Tuesday, November 18, 2008

World War 1 in Cartoons by cartoon historian Mark Bryant

World War I in Cartoons (UK,2006) by dr Mark Bryant:

Front cover: Kaiser WilhemII (1915)

In a previous article I wrote I found this book on a WWI book fair in Passchendaele.
This book by cartoon historian dr Mark Bryant deserves a prominent place on the bookshelf ,not only of the people interested in the Great War, but also of the cartoon collector because of its historical value and interesting point of view to approach history through the eyes of cartoonists and illustrators.
In the book are many cartoons of Bruce Bairnsfather, a cartoonist I didn't knew before (shame on me!). Visit the Bruce Bairnsfather site and you'll be convinced of his great talent.

"Well if you knows of a better 'ole, go to it!" (1915)
by Bruce Bairnsfather, one of the most famous cartoons
of the Great War

This is the book's summary I've read on the dust jacket:

In an age before TV and radio - and long before the coming of the internet and personal computers - the impact of cartoons and caricature was considerable,especially when the only sources of information and commentary were silent cinema newsreels, posters, newspapers and books - all largely black-and-white. So, not surprisingly, the Great War of 1914-1918 proved an extraordinarily fertile time for artists working in this field.To a news-hungry public, anxious about world affairs, it was the cartoon, with its immediacy and universal accessiblility -even to the barely literate- that could speak the message mere words could never convey. And in times of stress it is laughter that is often the best medicine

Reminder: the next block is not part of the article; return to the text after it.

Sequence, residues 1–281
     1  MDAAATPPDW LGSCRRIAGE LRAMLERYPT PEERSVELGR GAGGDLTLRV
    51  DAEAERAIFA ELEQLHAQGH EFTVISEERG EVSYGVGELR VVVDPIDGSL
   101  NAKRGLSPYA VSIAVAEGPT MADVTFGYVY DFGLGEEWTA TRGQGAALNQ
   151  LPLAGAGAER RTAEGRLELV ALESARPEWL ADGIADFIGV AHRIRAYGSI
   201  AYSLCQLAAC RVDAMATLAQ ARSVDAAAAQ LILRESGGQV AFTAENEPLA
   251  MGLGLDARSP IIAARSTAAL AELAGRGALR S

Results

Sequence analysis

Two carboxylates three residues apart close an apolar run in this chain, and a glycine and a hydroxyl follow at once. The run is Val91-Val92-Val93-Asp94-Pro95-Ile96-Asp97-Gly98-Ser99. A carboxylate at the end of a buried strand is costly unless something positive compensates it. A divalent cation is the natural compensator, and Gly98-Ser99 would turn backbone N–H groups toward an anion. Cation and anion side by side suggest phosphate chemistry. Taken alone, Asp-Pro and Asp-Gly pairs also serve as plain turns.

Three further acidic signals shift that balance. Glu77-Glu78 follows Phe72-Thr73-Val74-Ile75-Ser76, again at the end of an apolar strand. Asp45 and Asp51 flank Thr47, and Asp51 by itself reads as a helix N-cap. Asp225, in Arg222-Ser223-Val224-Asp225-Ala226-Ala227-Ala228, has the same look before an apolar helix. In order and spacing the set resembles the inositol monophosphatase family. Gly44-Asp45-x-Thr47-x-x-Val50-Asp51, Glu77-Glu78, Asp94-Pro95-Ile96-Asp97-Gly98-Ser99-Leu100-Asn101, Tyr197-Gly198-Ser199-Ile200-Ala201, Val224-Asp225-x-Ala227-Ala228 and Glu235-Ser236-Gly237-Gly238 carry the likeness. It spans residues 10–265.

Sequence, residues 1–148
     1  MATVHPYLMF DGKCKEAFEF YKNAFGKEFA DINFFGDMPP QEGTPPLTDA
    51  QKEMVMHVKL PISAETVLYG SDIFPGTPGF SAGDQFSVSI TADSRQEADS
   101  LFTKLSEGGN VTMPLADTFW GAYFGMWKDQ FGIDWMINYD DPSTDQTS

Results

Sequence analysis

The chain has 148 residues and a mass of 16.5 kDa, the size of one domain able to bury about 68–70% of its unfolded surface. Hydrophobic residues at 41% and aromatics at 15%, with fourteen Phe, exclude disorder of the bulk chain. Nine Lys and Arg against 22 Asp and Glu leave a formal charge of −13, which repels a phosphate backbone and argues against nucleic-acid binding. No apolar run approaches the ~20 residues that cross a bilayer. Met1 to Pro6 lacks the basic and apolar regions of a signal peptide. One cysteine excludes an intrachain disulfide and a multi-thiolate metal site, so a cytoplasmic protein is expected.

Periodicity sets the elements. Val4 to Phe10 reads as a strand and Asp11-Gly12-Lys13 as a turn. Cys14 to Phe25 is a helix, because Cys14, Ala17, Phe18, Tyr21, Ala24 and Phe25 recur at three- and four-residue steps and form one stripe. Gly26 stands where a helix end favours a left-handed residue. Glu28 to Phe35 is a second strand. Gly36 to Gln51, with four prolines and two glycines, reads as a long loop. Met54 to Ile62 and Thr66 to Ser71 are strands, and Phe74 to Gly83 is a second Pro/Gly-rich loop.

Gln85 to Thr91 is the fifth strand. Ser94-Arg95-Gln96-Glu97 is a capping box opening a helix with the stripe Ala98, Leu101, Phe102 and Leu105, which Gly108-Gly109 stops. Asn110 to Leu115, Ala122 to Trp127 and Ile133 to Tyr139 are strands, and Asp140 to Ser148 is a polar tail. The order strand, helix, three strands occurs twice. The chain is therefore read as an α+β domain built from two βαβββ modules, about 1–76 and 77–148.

When Zeppelins blackened the sky,U-boats challenged the Royal Navy's supremacy at sea, and huge 'Big Bertha' guns shelled the muddy fields of Flanders, it was the antics of Captain Bruce Bairnsfather's immortal 'Old Bill' and the drawings of H.M. Bateman, Bert Thomas and others that kept up Britan's spirits and reassured the troops that all was well back home in dear old 'Blightly'. And who could take Kaiser Bill, Admiral Von Tirpitz, the Red Baron and all the mighty goose-stepping Prussians at all seriously when Allied cartoonists cocked a snook at all they held dear? The pages of Punch and its rivals in Britain, Europe, Russia, Japan and the USA made certain that, whatever was happening militarily, their reader's laughter guaranteed that is was never quiet for long on the Western Front.

The Central Powers also had a wealth of talent labouring to counteract the Allies' propaganda machine and prewar satirical journals such as Simplicissimus in Germany, ass well as others in Turkey, Bulgaria and the Austro-Hungarian Empire, rose to the challenge.
But cartoons of this, or any other period, are not necessarily lighthearted and the Great War gave rise to many vicious and hate-filled drawing on both sides - indeed the gruesome anti-German cartoons by Louis Raemaekers were even deemed powerful enough to call Holland's neutrality into question.

World War I in Cartoons is divided into chapters covering the war year-by-year, each chapter prefaced with a concise introduction thad provides a historical framework for the cartoons of that year. Altogether more than 300 drawings from both sides of the conflict, in colour and black-and-white, have been skilfully blended to produce a unique visual history of the great war.

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